Wage Penalty for Mothers: A Scholarly Article

“The Wage Penalty for Motherhood” is an article written by Michelle J. Budig and Paula England. These two scholars take Waldfogel’s 1997 study and build upon it arguing that there is a discernible penalty that deters women from earning as much as men in their field because of the role they assume as mothers. Waldfogel’s study showed that between 1968 and 1988, women were penalized by 6% if they had one child and up to 15% for more than two children(204). Budig and England posit four possible reasons this “motherhood penalty” is occurring not only in the United States but also in the United Kingdom and Germany (205). I say possible because they use this opportunity to show that these reasons are null and void. The reasons follow:

  1. loss of job experience: when women leave the workforce to be in charge of children, they lose job experience. When they return to work, they have already lost anywhere from 5-10 years of experience. They claim that there is no substantial evidence that this may be a reason mothers are penalized in terms of their absence from work.
  2. be less productive at work: apparently mothers aren’t as productive at work because they are reserving all their energy for when they pick up the kids from school. Hmmmm. Interesting. Using the human capital theory, mothers are compared to non-mothers, who are apparently getting more than mothers because they spend more time participating in leisure activities after work than caring for rowdy kids.Here our authors posit that no studies have measured the productivity levels of mothers to non-mothers to validate such a theory. Next….
  3. choose mother-friendly or part-time jobs over higher wage positions: mothers may decline full-time positions with higher pay for jobs that offer flexible schedules, no traveling, no weekend work days, and so on. They refute this argument by referring to a study conducted by Glass and Camarigg in 1992, which showed that men’s full-time jobs offered the same benefits of “mother-friendly” jobs and yet men’s wages are not penalized.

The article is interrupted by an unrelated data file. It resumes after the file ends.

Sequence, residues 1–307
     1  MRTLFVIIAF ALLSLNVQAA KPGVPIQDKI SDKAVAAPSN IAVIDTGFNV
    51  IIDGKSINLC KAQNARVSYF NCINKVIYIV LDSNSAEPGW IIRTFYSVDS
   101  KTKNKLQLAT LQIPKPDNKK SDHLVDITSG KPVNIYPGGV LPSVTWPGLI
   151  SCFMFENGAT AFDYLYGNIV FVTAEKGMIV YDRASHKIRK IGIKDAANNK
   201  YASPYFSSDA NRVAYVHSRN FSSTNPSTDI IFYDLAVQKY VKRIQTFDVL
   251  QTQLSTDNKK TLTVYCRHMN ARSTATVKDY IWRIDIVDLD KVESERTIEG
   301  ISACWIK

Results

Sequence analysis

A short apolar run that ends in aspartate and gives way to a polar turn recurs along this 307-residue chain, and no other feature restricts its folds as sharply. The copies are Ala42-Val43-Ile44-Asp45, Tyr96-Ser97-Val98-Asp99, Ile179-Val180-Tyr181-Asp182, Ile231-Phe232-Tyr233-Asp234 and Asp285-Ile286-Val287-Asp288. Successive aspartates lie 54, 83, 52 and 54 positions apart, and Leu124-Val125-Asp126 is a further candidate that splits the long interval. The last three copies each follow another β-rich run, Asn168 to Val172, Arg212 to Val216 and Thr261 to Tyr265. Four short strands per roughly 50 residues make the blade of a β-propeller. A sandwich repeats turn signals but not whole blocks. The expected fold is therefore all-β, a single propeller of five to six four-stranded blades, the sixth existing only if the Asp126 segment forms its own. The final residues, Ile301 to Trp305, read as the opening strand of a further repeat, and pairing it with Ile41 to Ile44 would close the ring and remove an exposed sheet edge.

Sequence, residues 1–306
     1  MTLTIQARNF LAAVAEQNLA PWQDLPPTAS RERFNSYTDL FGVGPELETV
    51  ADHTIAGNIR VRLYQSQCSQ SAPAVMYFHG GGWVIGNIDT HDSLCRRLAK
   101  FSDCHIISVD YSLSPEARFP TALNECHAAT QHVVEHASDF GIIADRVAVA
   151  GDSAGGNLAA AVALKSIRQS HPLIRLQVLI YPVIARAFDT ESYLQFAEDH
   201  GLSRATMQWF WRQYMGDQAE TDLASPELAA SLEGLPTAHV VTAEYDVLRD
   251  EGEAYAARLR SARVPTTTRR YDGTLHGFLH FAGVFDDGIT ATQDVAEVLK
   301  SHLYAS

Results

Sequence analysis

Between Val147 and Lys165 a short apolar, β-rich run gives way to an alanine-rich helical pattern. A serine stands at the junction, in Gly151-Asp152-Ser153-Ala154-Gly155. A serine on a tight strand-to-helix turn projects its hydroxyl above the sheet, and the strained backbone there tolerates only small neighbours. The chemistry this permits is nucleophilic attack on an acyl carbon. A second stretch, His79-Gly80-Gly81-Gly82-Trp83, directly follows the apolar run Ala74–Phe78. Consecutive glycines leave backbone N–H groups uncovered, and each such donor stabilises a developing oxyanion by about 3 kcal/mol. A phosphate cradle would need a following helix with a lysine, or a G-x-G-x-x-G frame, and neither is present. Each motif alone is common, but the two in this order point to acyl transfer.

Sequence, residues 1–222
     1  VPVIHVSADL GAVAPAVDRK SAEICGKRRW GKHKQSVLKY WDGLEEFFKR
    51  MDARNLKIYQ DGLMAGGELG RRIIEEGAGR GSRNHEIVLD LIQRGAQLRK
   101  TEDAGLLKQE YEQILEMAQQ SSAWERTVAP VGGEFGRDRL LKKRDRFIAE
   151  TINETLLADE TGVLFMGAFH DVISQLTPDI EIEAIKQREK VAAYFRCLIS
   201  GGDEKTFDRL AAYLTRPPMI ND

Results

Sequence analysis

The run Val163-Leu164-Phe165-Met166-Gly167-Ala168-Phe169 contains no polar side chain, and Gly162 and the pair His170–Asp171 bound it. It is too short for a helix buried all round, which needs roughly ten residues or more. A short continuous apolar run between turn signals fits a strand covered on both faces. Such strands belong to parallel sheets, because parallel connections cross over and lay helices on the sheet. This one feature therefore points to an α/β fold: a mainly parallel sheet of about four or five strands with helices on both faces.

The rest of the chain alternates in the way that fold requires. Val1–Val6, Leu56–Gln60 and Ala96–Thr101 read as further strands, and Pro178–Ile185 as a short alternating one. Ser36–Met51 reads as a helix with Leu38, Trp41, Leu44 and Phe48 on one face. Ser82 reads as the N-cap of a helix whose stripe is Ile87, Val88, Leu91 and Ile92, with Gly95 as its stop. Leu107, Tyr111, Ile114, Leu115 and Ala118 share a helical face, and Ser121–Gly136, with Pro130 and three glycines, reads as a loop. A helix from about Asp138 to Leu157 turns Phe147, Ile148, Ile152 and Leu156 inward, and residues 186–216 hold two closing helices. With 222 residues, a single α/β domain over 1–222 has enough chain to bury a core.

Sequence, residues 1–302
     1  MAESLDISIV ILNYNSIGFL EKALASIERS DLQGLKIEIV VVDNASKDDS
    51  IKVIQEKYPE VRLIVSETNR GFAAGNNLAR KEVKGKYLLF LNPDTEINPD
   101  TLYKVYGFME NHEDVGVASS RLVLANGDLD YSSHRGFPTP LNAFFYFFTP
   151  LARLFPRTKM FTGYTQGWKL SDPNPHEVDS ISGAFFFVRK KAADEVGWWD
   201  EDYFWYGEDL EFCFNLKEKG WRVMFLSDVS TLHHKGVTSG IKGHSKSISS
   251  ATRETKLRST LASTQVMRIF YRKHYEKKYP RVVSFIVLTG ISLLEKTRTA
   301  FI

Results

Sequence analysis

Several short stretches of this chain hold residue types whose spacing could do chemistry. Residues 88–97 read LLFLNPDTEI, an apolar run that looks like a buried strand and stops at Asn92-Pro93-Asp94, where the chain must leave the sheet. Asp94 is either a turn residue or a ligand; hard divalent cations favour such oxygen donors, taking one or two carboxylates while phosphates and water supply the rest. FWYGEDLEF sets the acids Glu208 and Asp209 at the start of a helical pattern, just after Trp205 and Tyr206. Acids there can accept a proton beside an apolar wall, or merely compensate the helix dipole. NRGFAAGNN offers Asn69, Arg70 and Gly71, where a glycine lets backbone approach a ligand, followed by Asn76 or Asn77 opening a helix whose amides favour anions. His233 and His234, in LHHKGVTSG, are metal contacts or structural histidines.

4. mothers are discriminated against by employers: this is the last reason posited and the one that Budig and England stand behind. Employers penalize mothers, assuming that they won’t put in the work, they will be tired or distracted from the second job they have at home, or they will leave in order to have more children. Therefore, they are not taken seriously, compensated fairly, or assigned privilege in the workforce.

This is gravely unfair — contributing to issues of gender inequality — for men are not penalized when they become fathers. After all, they can be distracted and fatigued from their role as fathers. Studies go as far as to show that in some areas, men are paid more after they become fathers. They get all the benefits when they become fathers, but women are sacrificed in the home and outside of it. In then end, this wage penalty affects women’s pension and retirement, for they don’t have as much income with which to survive when they reach retirement age. This also contributes to the pay gap among single mothers and men as head of households among the poor, as well as to the power struggle women face if married, for he who makes more money, often has the privileged voice. And even though this is a dated article, I will find a more updated one, I guarantee the issues continue to prevail as they did in the late 90s.

Food for thought.

What do you think? What have been your experiences as moms going back to work, working part-time, or being a working mom?

Work Cited

Budig, Michelle J. and Paula England. “The Wage Penalty for Motherhood.” American Sociological Review 66.2 (Apr.,2001):204-225. JSTOR. Web. 14 Apr. 2012


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